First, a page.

There are eight in the set of cards that feature their meetings with Stan. The cards are wrapped to resemble a pack of old baseball cards. A late addition is a flat, pink square of bubblegum, similar to the gum that came in the Topps baseball cards they collected growing up.
Kevin and Dave, avid sports fans, had the idea for several years. When Stan died last January, they knew what their next "card" would be.
"A lot of folks had connections with Stan," said Kevin, 49, who lives in Millstadt and is a teacher's aide and substitute teacher. "With me, it was through fundraisers, getting things autographed for auctions. I probably met Stan Musial 25 to 30 times. I've been to Stan's office that many times."
Kevin got the typical Stan treatment.
"What tickled me is how kind and gracious he was when no cameras or no one was there to witness what was going on.
"He would look you in the eye and shake your hand. You could ask him to do something and he'd do it. All those gracious stories of Stan? They came through every time I saw him."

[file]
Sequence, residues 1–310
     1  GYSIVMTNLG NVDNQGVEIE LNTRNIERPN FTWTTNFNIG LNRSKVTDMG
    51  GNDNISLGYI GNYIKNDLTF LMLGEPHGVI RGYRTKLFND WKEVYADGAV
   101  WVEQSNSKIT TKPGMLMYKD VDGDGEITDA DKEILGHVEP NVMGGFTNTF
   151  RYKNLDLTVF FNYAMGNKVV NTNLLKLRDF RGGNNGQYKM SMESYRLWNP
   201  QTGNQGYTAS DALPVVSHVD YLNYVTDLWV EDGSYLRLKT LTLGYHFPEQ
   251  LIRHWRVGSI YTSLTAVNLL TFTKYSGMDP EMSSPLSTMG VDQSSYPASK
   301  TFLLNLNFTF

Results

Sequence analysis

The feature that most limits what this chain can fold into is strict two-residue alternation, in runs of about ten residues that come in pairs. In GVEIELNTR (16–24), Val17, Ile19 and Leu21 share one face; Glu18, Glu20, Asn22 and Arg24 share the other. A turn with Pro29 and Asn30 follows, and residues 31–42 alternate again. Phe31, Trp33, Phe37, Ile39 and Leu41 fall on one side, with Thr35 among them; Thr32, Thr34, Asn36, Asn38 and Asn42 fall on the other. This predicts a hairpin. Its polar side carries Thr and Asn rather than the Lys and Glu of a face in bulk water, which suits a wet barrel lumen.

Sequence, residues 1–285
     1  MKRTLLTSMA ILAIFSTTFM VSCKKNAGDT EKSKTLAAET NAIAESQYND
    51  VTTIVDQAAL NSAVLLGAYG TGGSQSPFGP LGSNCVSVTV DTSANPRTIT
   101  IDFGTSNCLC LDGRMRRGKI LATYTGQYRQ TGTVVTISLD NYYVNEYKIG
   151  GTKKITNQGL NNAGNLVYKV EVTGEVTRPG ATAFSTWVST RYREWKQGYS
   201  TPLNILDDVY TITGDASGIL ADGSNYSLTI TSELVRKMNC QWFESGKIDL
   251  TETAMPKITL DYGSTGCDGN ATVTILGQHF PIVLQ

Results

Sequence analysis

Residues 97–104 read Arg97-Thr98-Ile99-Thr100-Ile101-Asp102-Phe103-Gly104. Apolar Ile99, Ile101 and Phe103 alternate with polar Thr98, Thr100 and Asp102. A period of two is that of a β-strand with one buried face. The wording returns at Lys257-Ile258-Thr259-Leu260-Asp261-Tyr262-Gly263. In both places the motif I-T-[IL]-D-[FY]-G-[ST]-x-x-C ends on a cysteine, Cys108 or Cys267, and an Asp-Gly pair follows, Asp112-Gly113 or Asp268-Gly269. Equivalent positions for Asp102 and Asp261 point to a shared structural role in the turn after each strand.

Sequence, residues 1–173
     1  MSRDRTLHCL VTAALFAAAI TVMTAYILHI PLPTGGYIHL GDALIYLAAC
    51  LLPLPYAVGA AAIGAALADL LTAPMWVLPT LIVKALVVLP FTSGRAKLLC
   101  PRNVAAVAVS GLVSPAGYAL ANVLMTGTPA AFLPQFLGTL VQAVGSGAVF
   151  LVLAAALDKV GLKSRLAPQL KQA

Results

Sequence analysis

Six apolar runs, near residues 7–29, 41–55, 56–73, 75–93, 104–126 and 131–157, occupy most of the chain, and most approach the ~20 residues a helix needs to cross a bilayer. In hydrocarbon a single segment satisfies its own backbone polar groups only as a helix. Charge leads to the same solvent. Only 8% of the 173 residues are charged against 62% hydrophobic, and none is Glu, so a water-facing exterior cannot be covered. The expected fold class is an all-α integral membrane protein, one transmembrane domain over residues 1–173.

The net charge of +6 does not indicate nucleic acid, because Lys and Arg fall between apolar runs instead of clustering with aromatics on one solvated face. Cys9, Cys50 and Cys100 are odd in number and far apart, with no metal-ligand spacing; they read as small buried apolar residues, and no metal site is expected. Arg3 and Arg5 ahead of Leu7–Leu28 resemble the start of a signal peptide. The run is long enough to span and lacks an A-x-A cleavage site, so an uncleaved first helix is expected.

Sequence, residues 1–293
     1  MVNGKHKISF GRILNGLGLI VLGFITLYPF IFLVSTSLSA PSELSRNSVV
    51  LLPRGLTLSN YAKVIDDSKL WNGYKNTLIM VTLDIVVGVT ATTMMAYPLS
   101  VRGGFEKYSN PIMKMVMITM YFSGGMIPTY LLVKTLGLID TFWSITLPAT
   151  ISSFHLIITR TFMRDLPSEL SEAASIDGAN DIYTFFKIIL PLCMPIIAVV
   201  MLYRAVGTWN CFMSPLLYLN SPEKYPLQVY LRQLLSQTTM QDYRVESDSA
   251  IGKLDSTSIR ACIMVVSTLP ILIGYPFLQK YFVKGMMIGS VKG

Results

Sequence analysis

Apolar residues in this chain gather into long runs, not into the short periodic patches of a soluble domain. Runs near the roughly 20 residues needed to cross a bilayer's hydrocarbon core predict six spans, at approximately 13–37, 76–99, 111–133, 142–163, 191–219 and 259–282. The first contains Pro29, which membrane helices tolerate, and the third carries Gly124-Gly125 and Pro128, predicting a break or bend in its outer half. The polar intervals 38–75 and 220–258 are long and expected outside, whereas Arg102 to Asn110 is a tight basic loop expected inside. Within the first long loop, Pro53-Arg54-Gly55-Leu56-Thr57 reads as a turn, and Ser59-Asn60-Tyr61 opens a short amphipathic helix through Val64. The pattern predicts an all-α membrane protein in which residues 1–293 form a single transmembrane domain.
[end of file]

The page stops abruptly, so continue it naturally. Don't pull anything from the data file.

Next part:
Dave, who works at Kurt Smith Sporting Goods, and sons Brendan, 18, and Jordan, 16, and Kevin and sons Mason, 13, and Colin, 9, usually star in the Christmas cards. This year is no different.
Among the eight baseball cards in the McFarland "Remembering A Legend" set is one of Stan with Brendan and Jordan in 2003 when Belleville's Whitey Herzog field was dedicated. There's one Kevin took of Stan in his batting stance with Dave pretending to catch. Another features baby Mason with Stan.
"He grabs Mason," Kevin remembered, "and sits him on his lap. He lets you take a picture and bounces him on his lap like he's a grandkid."
The McFarlands also included a couple of other legends. One is their dad, the late Bill McFarland, who was once a Cardinals minor league player.
"Dad crossed paths with Stan in '46," said Kevin.